Thus far, this section has been devoted to greener cleaning products. It is also important to discuss other products and practices associated with green cleaning. Disinfectants, sanitizers and sterilizers, used to kill microorganisms on inanimate surfaces, require particular attention. Some of them are among the most toxic chemicals available.
The EPA regulates these antimicrobials, and they register products that do not have “unreasonable adverse effects to human health or the environment.” Still, even EPA registered products are hazardous for humans and the environment. Also, some scientists are concerned that their overuse leads to bacteria that are resistant to standard antibiotics. Thus, it is recommended that hotels use only EPA-registered antimicrobials and only when necessary. According to an INFORM report, the “environmental and health impacts [of antimicrobials] can be reduced by using proper cleaning and worker protection techniques, making appropriate choices about which disinfectants are necessary under what circumstances and substituting nontoxic or less toxic alternatives whenever possible.”
Some hospitals have recently begun to use ultraviolet rays to disinfect their facilities. This non-chemical strategy may be useful for hotels, too.
Proper Training is Very Important
When hotels change cleaning and antimicrobial products, it is important to train staff on how to apply and use them, mix them, dilute them and dispose of them. Even some green cleaning products can be hazardous if not handled properly.
Vacuuming is another component of a green cleaning program. Vacuums that earn the Carpet and Rug Institute Seal of Approval (www.carpet-rug.org/commercial-customers/cleaning-and-maintenance/seal-of-approval-products/vacuums.cfm) improve indoor air quality by removing soil, reducing dust and retaining carpet fibers. Vacuums with HEPA filtration systems meet even more stringent criteria—they capture 99.9 percent of dust, pollen and other airborne particles. Some types of hard floor-care equipment excel at capturing dust, too. Hotels pay a premium for such equipment.
Entrance matting also has a beneficial impact on air quality by capturing most of the soil, dust and contaminants that are tracked into hotels on the shoes of occupants.
For a more complete description of green cleaning practices that improve indoor air quality, see the INFORM report, “Cleaning for Health, Products and Practices for a Safer Indoor Environment,” which is at www.informinc.org/reportpdfs/chp/CleaningForHealth.pdf. Chapter 2 is particularly relevant. Another good resource is the Green Seal Environmental Standard for Commercial and Institutional Cleaning Services. The complete version of this document is at www.greenseal.org/certification/cleaning_services_gs_42.pdf. The summary version is at www.greenseal.org/resources/gs42_one_pager.pdf.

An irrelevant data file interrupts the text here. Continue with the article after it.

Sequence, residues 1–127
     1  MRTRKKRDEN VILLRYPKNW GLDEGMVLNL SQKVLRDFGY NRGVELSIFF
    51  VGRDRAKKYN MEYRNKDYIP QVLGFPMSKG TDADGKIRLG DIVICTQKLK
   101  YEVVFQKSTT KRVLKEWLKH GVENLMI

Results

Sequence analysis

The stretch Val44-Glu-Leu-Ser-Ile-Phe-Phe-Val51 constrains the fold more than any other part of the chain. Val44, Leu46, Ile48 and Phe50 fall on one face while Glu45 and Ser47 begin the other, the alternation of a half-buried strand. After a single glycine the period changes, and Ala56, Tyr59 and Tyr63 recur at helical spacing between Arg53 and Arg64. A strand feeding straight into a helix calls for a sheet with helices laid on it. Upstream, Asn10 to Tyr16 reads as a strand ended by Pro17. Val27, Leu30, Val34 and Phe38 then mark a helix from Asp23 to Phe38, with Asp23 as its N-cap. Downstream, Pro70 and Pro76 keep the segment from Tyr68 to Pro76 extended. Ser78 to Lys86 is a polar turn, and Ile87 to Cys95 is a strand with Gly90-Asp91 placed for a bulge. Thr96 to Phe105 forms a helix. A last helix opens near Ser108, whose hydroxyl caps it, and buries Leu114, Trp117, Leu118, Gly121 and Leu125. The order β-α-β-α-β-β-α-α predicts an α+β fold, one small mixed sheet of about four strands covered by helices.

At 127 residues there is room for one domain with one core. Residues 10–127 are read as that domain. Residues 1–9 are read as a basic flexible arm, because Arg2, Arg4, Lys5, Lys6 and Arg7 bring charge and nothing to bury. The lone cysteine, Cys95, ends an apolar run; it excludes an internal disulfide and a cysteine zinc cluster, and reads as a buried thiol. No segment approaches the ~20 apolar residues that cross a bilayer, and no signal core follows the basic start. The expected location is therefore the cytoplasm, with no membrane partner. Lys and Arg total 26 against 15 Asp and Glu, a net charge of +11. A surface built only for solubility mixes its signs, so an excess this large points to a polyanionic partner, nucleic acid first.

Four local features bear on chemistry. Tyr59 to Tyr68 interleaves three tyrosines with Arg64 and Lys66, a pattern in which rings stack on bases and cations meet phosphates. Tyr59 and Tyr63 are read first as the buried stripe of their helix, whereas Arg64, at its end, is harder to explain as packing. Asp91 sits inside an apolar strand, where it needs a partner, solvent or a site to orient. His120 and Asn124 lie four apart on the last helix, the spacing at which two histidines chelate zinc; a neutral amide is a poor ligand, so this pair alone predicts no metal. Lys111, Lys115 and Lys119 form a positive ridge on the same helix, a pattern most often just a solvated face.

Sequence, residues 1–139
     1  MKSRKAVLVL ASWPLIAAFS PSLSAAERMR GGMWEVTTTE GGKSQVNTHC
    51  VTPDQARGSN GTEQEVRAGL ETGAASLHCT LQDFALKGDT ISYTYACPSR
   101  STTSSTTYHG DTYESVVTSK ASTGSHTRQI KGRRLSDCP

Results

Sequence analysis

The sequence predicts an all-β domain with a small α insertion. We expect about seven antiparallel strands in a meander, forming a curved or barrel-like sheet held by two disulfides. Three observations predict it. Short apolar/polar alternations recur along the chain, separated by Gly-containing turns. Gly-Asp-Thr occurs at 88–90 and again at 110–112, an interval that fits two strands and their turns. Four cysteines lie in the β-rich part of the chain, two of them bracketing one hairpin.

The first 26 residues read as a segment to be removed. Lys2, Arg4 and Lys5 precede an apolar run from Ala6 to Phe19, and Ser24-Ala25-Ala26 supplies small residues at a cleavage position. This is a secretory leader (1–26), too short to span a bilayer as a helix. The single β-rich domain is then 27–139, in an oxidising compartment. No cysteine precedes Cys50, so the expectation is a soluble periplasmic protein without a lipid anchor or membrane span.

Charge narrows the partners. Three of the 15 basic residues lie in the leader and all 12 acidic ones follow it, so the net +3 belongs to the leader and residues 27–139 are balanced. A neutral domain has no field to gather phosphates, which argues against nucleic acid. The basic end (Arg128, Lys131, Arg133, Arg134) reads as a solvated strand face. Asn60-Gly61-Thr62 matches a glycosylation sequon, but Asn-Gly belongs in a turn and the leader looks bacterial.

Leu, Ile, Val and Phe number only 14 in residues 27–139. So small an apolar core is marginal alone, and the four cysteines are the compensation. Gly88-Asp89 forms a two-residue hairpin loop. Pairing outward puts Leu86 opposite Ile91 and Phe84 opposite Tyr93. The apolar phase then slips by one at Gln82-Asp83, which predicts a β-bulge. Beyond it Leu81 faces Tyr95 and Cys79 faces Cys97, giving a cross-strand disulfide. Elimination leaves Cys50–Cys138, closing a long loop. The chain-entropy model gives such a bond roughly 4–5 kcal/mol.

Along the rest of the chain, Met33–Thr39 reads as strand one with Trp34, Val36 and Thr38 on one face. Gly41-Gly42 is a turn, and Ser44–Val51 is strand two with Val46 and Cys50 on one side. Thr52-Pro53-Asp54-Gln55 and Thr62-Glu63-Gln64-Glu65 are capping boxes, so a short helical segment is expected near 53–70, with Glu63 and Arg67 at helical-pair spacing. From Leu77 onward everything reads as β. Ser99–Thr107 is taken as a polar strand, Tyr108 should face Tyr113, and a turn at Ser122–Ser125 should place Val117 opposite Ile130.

Another aspect of a facility’s green cleaning program is the paper products it buys. Hotels save trees and reduce environmental toxins when they purchase unbleached, recycled-content paper. Green Seal and EcoLogo certify paper products that meet their high standards.
Recycled-content paper often costs slightly more than paper made from virgin tree fiber. “To minimize the cost, replace multifold hand towels with large rolls and replace single roll toilet paper dispensers with dispensers that hold multiple rolls. These simple steps can reduce consumption 5 percent to 10 percent, thus offsetting the higher first cost for high quality recycled paper,” says Stephen Ashkin, president of the Ashkin Group.
There are other ways that cleaning programs reduce waste: by using reusable cleaning cloths or microfiber technology instead of disposable paper products, removing trash liners only as needed, purchasing recycled-content trash liners, recycling the waste from their operations and using energy efficient hand dryers rather than paper towels.
The Business of Green Cleaning, by Stephen Ashkin and David Holly. This document is “designed to help facility managers and others make a successful, trouble-free, and uncomplicated transition to a green cleaning program. The book features scores of practical green cleaning tips and a collection of 25 public- and private-sector green case studies from around the world.” It can be purchased at www.ifmafoundation.org/programs/pubs.cfm.
Cleaning for Health: Products and Practices for a Safer Indoor Environment, Alicia Culver, Marian Feinberg, David Klebenov, Judy Musnikow, Lara Sutherland, INFORM, Inc., 2002, www.informinc.org/reportpdfs/chp/CleaningForHealth.pdf.
Green Cleaning, A Roadmap for Implementation, Steve Ashkin, Executive Director, Green Cleaning Network, http://www.facilitiesnet.com/webcasts/details.asp?id=14982. This is a free, 75-minute webcast.
GS-42 Green Seal Environmental Standard for Cleaning Services, First Edition, September 1, 2006, www.greenseal.org/certification/cleaning_services_gs_42.pdf.
Managing Housekeeping Operations, American Hotel & Lodging Educational Institute (EI), www.eiacademic.com/productview.aspx?id=21146&terms=Managing+Housekeeping+Operations. See the chapter on green housekeeping.
Dan Ruben is Executive Director, Boston Green Tourism. He can be reached at firstname.lastname@example.org.